Connectors Offer New Twists on the Mating RitualConnectors Offer New Twists on the Mating Ritual
June 6, 2001
Originally Published MPMN June 2001
Connectors Offer New Twists on the Mating Ritual
Suppliers focus on size and cost reductions to keep device OEMs satisfied.
Whether intending to attach cables to electronic devices or to create a link between two different sizes of tubing, medical device manufacturers must consider several factors when choosing their connectors. A chief concern is cost: designers want to trim down expenses as much as possible but without compromising the quality of their finished products. Size is also important, as some devices require multiple components and run the risk of becoming too bulky and heavy if their parts aren't as compact as possible. Other important factors include assembly time and cost, chemical resistance, and EMI and heat reduction. In an effort to meet these challenges, suppliers have developed a range of connectors to suit varied requirements. Read on for examples of new developments in connector technology.
Feedthrough minimizes overheating and electromagnetic coupling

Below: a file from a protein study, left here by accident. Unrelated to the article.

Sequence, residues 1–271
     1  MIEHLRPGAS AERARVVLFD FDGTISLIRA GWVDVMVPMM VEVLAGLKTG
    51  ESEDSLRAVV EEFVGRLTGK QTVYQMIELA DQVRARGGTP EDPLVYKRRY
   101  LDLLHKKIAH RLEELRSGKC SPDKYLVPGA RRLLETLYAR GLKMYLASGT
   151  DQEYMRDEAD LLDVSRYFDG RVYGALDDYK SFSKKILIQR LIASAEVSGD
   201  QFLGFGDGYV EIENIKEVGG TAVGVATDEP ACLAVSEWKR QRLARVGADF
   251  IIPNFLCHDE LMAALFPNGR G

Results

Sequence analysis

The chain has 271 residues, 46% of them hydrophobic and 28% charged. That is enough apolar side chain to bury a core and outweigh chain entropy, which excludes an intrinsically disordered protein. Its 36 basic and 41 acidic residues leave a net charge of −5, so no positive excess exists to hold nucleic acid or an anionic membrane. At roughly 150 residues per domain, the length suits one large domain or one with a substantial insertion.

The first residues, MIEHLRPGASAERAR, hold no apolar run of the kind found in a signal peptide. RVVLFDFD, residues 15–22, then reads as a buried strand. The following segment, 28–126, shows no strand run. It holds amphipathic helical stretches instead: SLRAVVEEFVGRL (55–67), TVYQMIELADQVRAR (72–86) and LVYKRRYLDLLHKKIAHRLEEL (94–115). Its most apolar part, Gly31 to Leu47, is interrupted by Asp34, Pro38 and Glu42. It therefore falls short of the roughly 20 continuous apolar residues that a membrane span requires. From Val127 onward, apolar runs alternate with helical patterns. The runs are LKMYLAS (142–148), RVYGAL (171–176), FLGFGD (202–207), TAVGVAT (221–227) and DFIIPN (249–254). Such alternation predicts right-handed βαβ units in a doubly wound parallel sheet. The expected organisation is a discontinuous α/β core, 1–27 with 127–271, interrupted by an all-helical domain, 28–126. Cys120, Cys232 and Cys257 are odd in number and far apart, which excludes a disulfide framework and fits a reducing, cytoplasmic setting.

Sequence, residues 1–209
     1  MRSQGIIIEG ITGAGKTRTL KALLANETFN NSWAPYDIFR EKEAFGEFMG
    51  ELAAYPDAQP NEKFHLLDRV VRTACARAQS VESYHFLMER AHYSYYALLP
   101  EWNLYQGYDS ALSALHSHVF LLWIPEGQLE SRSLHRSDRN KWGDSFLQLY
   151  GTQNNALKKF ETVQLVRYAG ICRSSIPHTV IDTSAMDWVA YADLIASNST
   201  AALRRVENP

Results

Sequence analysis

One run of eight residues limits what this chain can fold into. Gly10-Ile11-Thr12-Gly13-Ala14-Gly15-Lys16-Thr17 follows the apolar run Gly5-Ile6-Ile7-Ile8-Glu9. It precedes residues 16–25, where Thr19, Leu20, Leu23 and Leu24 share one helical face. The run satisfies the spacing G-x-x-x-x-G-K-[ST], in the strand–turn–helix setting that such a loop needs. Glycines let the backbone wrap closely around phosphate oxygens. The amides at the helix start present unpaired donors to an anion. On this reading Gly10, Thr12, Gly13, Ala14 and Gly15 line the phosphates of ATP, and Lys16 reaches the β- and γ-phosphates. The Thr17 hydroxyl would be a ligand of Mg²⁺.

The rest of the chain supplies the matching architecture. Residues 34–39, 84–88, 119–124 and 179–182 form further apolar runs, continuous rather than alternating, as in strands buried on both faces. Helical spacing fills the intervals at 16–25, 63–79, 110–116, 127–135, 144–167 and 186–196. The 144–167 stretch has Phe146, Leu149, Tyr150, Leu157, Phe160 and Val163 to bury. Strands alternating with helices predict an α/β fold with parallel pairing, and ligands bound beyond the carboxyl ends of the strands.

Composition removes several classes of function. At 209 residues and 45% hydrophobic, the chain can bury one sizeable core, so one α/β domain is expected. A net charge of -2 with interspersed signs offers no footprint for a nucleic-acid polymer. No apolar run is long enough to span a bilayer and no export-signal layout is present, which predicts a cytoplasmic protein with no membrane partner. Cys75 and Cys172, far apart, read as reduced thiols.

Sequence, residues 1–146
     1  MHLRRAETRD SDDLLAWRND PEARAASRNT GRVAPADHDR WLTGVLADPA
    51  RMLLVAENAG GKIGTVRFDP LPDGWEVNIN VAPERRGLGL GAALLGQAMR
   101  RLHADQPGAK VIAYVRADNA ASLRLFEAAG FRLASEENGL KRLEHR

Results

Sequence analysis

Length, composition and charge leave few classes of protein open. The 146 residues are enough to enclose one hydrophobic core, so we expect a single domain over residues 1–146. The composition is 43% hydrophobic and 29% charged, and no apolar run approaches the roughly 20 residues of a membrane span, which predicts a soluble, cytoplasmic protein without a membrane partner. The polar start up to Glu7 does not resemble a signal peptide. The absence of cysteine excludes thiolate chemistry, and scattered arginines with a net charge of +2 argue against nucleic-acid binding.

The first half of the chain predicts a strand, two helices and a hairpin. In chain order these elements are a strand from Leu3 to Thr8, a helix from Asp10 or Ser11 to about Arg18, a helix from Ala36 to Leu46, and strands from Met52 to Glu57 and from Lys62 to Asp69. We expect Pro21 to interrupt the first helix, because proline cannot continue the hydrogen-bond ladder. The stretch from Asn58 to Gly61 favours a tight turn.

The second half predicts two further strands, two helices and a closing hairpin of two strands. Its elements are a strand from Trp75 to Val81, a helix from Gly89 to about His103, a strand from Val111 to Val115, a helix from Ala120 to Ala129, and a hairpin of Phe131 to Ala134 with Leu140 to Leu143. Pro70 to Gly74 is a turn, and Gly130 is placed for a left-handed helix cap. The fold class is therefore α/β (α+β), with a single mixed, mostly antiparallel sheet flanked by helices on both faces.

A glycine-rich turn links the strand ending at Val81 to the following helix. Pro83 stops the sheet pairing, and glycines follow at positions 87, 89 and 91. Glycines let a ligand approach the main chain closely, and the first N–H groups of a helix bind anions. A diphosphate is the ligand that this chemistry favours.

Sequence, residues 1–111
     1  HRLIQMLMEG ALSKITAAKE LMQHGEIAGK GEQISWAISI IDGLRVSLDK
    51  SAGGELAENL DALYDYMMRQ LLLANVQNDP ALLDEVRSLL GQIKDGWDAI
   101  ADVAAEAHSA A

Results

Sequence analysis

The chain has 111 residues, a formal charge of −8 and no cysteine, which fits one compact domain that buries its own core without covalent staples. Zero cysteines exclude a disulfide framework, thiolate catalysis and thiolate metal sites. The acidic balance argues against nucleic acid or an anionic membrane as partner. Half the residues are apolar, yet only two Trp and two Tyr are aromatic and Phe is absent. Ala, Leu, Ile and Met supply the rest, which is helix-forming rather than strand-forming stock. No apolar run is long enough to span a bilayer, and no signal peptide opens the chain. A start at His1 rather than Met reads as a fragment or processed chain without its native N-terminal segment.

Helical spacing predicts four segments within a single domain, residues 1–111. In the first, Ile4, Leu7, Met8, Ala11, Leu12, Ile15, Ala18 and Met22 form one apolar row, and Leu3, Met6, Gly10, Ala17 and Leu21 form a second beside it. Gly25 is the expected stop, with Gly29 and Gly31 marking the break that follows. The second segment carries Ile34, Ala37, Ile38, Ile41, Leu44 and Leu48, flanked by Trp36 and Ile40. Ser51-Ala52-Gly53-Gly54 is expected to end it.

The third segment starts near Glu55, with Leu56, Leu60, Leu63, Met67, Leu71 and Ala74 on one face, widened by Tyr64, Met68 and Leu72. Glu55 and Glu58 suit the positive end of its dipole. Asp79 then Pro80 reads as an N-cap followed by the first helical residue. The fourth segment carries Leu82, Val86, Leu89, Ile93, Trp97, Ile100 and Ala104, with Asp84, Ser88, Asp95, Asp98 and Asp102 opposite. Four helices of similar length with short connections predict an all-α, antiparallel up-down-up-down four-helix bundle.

Manufacturers requiring metal connectors for electronic devices seek components that help to prevent overheating and resulting power loss. Ceramaseal has designed an RF feedthrough that brings cooling water close to the seal at the conductor-insulator interface to control heat without complex cooling jackets. The ceramic-to-metal feedthrough is suitable for a variety of RF applications including sputtering, plasma generation, and induction heating. "Metal components of RF feedthroughs usually will heat up and negatively affect the efficiency of the system as well as damage their own hermetic seals," says design engineer Rich Combs. "Ceramaseal's RF feedthroughs keep all metal components at a proper distance, place the hermetic seal at the joint to improve reliability, and utilize a dual conductor design with one piece of ceramic so that no metal flange resides between conductors." The feedthroughs have a 100-kHz to 13.56-MHz frequency range and a -55°–350°C temperature range. They handle currents up to 800 A and voltages up to 10 kV. Standard feedthroughs are available as weldable and flange-mounted units. Custom configurations include additional coolant lines, custom coolant flow paths, solid conductors on the vacuum side, large flanges, coils, and other accessories. The Stamped and formed contacts cut costsThe Minisnap PC from Odu-USA Inc. is a light connector that is easily integrated into assemblies.Metal connectors used on medical devices can add significant weight to the end product. In addition, the labor required to make a cable termination can cost as much as the connector itself. To address these concerns, Odu-USA Inc. has developed the Minisnap PC, which can be used in handheld instruments and portable equipment. The connector weighs only 15 g, providing a significant weight reduction. This plastic cylindrical push-pull connector requires minimal panel space, can be blind mated, and clearly indicates whether it is mated or unmated. The connector is made of temperature and chemically resistant polyethylenimine that allows it to be used in mechanically demanding applications. Its exterior is made of all plastic parts, which enables users to touch it even in high-voltage applications. A nonmagnetic connector makes the Minisnap PC suitable for MRI machines and other applications that cannot tolerate EMI. According to the company's CEO Ralf Eberlein, the most innovative feature of the Minisnap PC is "the stamped and formed contact that can be produced for only a few cents, offering a tremendous cost advantage over machined contacts that can cost as much as 60 cents." In addition, the contacts can be terminated on automated crimping machines, reducing the cost of connector assemblies. The connector is autoclavable when used with PEEK inserts and can be produced in a shielded version with metallized internal surfaces.Heat-seal connectors attach by hot bar bondingManufacturers integrating displays into their portable devices may have difficulties attaching them safely without creating excess bulk. This problem is eliminated when heat-seal connectors are used to connect glass or plastic flat-panel displays to PC boards without solder or clamps. Elform Inc. offers ultrafine-pitch monostropic heat-seal connectors that have an integral conductive adhesive system that attaches by hot bar bonding. The company uses graphite-based adhesive inks that offer 35-W/sq in. resistance in lieu of amorphous carbon, which provides 100-W/sq in. of resistance. Synthetic rubber used in the graphite ink formula makes connector traces flexible at any pitch: the connectors may be repeatedly hard creased without compromising performance. The monostropic construction involves screen printing the ink on 23-µm PET-based film at a pitch as fine as 0.18 mm. A second layer of ink is loaded with gold-plated nickel particles to ensure low contact resistance, and is screened over the first layer. The part is then covered with a thermoset adhesive that is loaded with titanium dioxide and yellow pigments to simplify part inspection. Monostropic construction allows fine pitches, high yields, and low bonding rework rates without the risk of particle cross talk or shorting. Circular connectors offer snap-in screwless assemblyTo enhance connection options and reduce assembly time, a line of miniature circular connectors features snap-in application, screwless assembly, and a nonthreaded, self-activating, push-pull locking system. The newest additions to the series, the Neutricon and Nanocon from Neutrik USA, offer a chuck-style relief that accepts 3- to 7-mm cable diameters and flat ribbon cables. The Neutricon is a modular system of one- to eight-pin cable connectors and panel receptacles that can be used for medical instrumentation in nonsterile applications. "The miniaturization of this connector does not jeopardize its quality or reliability," says product applications manager Fred Besnoff. "In fact, this connector is extremely versatile and can withstand high-traffic areas." The system includes mechanically protected gold crimp, solder, or vertical PCB contacts. Nickel or black chrome-plated receptacle or cable end housings absorb vibration and protect loaded inserts. Splashproof cable shells are standard.Like the Neutricon, the Nanocon has gold-plated contacts that are suitable for hardwired soldering. It is a three-pole subminiature connector that measures only 0.19 x 1.22 in. The Nanocon offers a selective load of one to three contacts in mating cable ends, PCB vertical or horizontal male and female receptacles, or male and female solder termination receptacles. Panel receptacles with blank inserts, mating cable ends with interchangeable inserts, and fully loaded PCB receptacles are available. "The spacing between the contacts allows the Nanocon to be selectively loaded with the precise amount of contacts required," says Besnoff.PEEK luers are cost-effective and chemically resistantValue Plastics Inc.'s PEEK luers feature a versatile single-barb design.Medical-grade polyetheretherketone (PEEK) barbed male and female luers have been developed to provide OEMs with connectors that can withstand various types of sterilization. Supplied by Value Plastics Inc., these components accommodate tube sizes from 1/16 to ¼ in. The luers integrate the company's 500-series single-barb design that uses blended radii for enhanced versatility with various tubing sizes and types. Compared with compression fitting techniques, the luers require fewer components to make a tubing connection and are more cost-effective. PEEK luers offer high-temperature performance, chemical resistance, and hydrolysis resistance in steam or high-pressure water environments. PEEK can retain its properties even after repeated autoclave cycles and can be EtO, gamma, or E-beam sterilized. "PEEK luers were developed in response to the industry's need for a material that would not lose its properties after repeated sterilizations, yet it still costs less than brass or stainless steel," says sales manager Dave Splett. "While polysulfone is a good material for the medical industry, it is not as chemically resistant as PEEK." Katherine Sweeny